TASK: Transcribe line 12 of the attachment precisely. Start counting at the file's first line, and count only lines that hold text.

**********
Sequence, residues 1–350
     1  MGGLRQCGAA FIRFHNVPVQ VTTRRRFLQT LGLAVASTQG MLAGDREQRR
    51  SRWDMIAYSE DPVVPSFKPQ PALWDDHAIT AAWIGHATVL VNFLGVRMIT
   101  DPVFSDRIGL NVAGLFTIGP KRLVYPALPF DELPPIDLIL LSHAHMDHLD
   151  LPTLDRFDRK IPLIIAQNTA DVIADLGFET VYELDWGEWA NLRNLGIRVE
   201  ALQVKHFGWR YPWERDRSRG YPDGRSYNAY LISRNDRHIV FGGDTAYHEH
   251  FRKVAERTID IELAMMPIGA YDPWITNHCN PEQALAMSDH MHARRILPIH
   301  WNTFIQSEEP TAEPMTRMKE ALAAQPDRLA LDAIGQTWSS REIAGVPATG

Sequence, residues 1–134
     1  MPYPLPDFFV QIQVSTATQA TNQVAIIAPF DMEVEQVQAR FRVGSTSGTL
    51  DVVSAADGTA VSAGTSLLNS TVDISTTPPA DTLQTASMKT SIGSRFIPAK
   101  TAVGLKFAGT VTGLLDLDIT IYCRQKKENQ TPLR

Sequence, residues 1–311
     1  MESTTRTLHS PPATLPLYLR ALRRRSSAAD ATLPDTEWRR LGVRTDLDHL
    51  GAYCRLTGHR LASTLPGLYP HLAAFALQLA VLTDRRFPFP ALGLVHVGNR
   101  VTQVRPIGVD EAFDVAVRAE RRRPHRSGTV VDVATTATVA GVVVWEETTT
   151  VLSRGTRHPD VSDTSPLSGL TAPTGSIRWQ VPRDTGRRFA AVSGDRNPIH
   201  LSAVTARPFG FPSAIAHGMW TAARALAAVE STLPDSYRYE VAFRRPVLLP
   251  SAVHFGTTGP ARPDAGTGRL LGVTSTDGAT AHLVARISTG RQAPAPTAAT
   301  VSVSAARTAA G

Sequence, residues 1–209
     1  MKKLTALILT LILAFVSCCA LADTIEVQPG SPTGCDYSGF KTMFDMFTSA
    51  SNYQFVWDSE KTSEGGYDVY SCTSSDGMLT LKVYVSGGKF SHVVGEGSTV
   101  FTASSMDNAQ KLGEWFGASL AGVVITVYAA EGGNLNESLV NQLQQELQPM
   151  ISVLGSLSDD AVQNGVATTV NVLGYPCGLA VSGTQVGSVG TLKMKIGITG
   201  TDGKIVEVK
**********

   101  TAVGLKFAGT VTGLLDLDIT IYCRQKKENQ TPLR